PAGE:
Bengaluru: The Karnataka High Court on Tuesday held that there is no restriction for adoption of elephants that are in private ownership for non-commercial purposes.
The court made this observation while hearing a public interest litigation (PIL) filed by one M S Murali, who had challenged the adoption of four elephants from Karnataka by a temple in Jamnagar, Gujarat.
The petitioner had contended that since owing of the huge animal was not allowed by any individual, the Radhe Krishna Temple Welfare Trust, which has adopted these elephants, could not adopt them. The trust submitted to the court that it was formed for the welfare of animals and hence there would not be any breach of the Wildlife Protection Act 1972.
“The elephants are being treated properly and used only for religious rituals on the temple premises,” the Trust stated in reply.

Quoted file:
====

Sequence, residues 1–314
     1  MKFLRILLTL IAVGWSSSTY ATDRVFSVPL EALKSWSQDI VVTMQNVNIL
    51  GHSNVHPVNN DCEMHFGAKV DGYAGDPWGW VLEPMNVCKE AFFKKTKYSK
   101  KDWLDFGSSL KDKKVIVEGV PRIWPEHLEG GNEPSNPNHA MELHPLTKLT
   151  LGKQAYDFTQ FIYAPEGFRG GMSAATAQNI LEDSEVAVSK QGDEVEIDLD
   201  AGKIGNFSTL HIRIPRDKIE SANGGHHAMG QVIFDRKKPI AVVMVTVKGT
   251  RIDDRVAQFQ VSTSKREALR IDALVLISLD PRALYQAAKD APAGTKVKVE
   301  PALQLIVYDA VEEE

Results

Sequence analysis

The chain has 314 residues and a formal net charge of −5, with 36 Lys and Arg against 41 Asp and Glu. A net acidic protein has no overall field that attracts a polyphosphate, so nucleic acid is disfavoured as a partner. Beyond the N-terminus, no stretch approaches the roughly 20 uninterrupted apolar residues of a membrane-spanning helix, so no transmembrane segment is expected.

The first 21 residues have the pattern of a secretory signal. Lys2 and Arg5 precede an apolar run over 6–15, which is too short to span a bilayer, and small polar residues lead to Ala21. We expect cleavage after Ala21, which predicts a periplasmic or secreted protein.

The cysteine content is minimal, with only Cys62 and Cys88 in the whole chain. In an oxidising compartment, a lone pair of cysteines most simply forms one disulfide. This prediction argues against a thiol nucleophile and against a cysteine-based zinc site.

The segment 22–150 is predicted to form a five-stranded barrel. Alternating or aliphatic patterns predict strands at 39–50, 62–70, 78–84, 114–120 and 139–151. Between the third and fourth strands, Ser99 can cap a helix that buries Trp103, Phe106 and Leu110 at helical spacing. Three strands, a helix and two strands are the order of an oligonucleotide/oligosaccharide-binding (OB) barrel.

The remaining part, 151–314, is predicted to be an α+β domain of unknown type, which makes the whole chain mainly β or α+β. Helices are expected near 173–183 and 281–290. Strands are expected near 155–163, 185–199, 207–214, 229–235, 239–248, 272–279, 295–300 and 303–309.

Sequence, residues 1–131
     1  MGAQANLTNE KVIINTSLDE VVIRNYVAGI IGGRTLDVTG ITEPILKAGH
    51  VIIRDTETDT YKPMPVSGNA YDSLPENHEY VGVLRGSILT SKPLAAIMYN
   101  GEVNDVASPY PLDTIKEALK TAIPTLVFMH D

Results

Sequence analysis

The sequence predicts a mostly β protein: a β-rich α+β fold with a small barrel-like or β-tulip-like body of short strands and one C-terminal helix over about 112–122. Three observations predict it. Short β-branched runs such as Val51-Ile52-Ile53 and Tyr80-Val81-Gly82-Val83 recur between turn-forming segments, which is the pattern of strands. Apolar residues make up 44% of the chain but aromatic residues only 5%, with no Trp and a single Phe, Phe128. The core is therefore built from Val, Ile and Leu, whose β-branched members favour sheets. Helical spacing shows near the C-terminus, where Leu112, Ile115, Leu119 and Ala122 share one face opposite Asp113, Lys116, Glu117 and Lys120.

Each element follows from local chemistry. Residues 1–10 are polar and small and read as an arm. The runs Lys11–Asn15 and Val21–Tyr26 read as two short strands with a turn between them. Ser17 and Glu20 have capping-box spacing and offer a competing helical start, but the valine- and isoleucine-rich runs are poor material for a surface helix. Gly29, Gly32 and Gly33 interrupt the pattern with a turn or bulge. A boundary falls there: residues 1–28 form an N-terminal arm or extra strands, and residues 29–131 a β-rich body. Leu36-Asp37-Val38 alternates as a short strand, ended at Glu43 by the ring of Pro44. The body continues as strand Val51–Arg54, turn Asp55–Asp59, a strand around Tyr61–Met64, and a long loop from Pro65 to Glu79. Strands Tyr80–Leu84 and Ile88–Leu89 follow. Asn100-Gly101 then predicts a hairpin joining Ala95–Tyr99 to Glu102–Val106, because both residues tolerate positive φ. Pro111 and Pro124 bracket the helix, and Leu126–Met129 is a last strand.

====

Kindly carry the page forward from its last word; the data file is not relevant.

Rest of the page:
Possession of elephant has been banned for commercial purposes since 2012 through enactment of a law. The law reads that elephants are under the ownership of the state, if the families don’t own them for generations. The law prohibits buying, selling or renting an elephant. “In case, a family has elephant for generations, the born elephant would be under the state’s ownership,” said an advocate.
The HC dismissed the petition stating that under Section 49 of the Wildlife Protection Act 1972, live elephants can be given in adoption for purposes other than commercial activities.
The trust was taking care of the elephants and there was no need for official adoption papers, it said. The petition had prayed for the government to take over elephants in private custody.